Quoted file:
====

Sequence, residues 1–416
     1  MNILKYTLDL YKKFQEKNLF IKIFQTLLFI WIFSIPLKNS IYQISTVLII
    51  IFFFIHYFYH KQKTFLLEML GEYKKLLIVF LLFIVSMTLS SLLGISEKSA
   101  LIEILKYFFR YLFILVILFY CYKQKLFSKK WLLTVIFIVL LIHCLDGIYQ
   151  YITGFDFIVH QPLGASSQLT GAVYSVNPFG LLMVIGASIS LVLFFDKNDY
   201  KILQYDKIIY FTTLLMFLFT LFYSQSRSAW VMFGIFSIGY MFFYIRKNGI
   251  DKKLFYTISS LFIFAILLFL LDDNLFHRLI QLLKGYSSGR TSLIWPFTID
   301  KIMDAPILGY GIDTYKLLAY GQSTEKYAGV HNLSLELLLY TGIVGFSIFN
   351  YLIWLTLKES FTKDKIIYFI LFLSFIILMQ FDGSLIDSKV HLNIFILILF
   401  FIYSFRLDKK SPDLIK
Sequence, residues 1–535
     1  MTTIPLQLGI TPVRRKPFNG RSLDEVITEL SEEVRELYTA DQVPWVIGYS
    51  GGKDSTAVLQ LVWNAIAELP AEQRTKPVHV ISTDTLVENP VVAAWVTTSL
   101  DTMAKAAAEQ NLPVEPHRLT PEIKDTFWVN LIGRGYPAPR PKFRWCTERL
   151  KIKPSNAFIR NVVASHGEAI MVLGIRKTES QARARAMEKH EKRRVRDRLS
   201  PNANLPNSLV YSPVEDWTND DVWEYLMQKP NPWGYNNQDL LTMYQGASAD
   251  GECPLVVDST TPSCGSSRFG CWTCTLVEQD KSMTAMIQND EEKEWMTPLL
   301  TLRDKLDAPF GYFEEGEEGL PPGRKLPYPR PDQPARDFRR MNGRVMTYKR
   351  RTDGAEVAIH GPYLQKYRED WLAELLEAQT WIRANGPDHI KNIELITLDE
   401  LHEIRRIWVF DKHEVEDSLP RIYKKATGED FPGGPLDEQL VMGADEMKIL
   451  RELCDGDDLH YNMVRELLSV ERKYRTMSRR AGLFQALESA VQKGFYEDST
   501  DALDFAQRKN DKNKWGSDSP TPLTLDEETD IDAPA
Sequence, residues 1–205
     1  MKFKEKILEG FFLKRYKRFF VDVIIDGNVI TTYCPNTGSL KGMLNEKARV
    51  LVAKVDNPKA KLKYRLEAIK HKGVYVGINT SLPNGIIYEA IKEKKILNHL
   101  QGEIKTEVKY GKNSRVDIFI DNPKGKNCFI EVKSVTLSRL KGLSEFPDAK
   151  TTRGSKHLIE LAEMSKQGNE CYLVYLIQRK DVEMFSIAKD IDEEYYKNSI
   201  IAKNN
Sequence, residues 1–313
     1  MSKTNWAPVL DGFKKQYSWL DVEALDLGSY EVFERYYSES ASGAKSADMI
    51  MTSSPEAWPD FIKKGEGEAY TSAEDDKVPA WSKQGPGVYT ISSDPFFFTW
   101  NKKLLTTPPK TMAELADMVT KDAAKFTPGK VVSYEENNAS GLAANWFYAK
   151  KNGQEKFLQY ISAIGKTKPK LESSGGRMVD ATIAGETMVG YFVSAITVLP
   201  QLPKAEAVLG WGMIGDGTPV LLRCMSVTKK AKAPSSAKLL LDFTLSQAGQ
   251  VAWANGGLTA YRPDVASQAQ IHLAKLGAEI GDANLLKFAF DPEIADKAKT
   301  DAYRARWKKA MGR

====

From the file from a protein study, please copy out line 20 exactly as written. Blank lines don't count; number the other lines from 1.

   401  LHEIRRIWVF DKHEVEDSLP RIYKKATGED FPGGPLDEQL VMGADEMKIL